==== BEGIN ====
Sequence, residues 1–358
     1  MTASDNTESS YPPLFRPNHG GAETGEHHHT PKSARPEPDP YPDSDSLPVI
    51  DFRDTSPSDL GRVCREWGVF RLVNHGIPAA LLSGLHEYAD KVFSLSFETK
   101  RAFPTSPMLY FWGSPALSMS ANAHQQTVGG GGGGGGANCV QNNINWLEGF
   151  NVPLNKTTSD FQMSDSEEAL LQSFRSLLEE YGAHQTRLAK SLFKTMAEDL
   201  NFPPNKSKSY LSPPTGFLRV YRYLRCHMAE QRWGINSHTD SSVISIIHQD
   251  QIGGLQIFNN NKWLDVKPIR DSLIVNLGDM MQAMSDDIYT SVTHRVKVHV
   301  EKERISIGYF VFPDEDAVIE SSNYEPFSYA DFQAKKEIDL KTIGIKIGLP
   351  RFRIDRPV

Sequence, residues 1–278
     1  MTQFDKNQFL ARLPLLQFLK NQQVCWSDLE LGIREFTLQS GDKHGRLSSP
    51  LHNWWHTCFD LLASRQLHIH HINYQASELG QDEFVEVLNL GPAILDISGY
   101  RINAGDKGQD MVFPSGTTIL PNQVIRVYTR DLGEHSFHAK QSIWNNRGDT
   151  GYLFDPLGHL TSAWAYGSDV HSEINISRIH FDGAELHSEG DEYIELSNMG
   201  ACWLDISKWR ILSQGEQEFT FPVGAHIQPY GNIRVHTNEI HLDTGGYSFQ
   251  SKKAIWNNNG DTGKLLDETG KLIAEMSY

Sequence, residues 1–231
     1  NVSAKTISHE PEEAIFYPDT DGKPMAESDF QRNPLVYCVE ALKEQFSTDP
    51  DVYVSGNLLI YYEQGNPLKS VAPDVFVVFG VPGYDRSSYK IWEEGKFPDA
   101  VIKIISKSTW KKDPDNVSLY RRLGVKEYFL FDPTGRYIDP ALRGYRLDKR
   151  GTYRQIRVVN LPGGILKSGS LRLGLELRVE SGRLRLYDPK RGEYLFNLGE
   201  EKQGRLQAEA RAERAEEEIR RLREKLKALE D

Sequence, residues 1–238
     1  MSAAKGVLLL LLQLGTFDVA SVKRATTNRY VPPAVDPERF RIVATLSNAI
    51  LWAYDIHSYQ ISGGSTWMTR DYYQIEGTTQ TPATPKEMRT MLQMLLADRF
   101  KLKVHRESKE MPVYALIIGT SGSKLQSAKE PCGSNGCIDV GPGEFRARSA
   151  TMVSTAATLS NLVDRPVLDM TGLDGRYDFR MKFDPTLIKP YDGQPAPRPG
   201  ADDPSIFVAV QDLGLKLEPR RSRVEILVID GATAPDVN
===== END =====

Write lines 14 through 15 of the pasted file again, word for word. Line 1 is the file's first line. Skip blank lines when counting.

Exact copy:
   151  GYLFDPLGHL TSAWAYGSDV HSEINISRIH FDGAELHSEG DEYIELSNMG
   201  ACWLDISKWR ILSQGEQEFT FPVGAHIQPY GNIRVHTNEI HLDTGGYSFQ